IV. How a Young Man’s Life was ‘Ruined’ by Unfair DV System
By David Feige
New York City resident Ron (not his real name) was arrested on charges of groping a girl he had never met. This is the story of his prosecution:
At the trial, the prosecution’s case against Ron unraveled completely and quickly. The complaining witness and the police contradicted each other. The description of the perpetrator was meager and inconsistent, and the flimsy evidence was rendered transparent nonsense in the crucible of [defense attorney] Ululy’s cross-examination. The only thing anyone seemed to agree on was that whoever had grabbed the girl had fled in the opposite direction from where Ron was arrested. Through it all [judge Diane] Kiesel tapped and twitched and scowled impatiently.
And after both sides rested and summations were delivered, she didn’t even hesitate. There was no real deliberation at all, just an instant, awful pronouncement: “Guilty.”
And then, with a sadistic scowl, she ordered Ron to jail and watching unflinchingly as the court officers fitted the cuffs around the terrified kid’s wrists and led him away. Ron had never been to jail before. Because a class B misdemeanor is the least-serious kind of criminal offense in the penal law, it is virtually unheard of for a first-time offender convicted of a B to be sentenced to jail. Kiesel, though, gave Ron as much jail time as she could manage. Then she imposed a term of probation to be served after his release.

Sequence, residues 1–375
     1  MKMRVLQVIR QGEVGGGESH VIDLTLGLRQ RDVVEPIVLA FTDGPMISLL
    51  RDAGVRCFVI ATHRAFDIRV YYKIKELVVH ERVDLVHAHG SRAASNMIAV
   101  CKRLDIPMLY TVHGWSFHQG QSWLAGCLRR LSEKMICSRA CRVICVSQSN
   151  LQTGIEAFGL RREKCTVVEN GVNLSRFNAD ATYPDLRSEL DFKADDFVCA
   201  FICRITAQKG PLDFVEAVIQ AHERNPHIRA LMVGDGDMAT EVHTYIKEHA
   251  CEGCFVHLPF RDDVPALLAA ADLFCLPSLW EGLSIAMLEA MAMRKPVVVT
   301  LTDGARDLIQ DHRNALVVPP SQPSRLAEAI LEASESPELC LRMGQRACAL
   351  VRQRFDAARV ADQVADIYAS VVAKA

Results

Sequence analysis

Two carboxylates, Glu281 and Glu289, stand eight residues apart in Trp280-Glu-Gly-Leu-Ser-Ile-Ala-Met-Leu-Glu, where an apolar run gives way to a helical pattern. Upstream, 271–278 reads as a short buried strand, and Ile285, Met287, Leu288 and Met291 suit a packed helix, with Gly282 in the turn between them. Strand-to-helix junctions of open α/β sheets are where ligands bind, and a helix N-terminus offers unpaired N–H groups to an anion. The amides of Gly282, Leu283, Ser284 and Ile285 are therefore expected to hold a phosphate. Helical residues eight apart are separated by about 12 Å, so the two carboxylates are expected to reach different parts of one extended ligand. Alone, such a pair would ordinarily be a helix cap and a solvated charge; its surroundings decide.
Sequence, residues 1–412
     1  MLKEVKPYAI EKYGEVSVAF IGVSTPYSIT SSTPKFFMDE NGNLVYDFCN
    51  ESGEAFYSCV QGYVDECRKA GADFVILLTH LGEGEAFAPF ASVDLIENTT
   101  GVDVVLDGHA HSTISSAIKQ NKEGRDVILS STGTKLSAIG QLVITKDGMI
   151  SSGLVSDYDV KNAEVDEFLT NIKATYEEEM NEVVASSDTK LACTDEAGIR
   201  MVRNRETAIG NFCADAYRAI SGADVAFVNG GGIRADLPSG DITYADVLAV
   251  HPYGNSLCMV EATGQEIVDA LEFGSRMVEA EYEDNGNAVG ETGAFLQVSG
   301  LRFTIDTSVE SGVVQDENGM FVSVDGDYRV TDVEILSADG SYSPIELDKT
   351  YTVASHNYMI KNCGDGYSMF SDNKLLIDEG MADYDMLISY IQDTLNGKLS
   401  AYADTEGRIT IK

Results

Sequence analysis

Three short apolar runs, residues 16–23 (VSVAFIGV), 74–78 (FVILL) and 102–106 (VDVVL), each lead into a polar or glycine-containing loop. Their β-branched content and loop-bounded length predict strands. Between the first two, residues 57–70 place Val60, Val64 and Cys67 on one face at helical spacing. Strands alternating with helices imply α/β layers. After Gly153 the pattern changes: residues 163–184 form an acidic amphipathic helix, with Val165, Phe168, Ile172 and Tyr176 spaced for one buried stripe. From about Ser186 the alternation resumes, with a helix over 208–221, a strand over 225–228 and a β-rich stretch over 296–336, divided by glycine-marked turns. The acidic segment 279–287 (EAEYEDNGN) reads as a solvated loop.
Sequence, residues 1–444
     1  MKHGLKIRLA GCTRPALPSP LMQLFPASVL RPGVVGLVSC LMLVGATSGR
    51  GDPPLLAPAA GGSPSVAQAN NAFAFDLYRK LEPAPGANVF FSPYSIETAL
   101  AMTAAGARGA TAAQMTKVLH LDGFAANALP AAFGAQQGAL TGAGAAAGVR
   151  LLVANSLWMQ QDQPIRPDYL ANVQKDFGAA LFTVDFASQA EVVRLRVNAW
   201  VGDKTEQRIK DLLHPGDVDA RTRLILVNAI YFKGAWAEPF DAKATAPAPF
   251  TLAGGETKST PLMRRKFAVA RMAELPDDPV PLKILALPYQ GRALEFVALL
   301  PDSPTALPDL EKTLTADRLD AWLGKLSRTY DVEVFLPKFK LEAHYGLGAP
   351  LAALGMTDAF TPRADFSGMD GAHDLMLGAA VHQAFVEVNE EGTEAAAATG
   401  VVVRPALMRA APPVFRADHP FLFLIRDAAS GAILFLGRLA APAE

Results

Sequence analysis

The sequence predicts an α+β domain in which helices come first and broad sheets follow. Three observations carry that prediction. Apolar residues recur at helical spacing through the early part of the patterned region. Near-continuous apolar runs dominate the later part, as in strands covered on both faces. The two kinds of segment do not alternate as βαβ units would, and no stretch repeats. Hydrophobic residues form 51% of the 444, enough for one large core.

And she still wasn’t done.
Despite the fact that the statute didn’t cover Ron’s offense, she bent the rules in order to have him branded as a sex offender.
Had a jury heard his case, Ron would have been acquitted in an hour. But by gaming the system, [prosecutor] Sarah Schall and the Bronx DA’s office had ensured he’d never have that benefit. Instead, his promising young life was ruined because [defense attorney] Ululy got stuck in front of the wrong judge.
Source: David Feige. Indefensible: One Lawyer’s Journey into the Inferno of American Justice. New York: Little, Brown, and Company. 2006. Excerpted from Chapter 10. Reprinted with permission.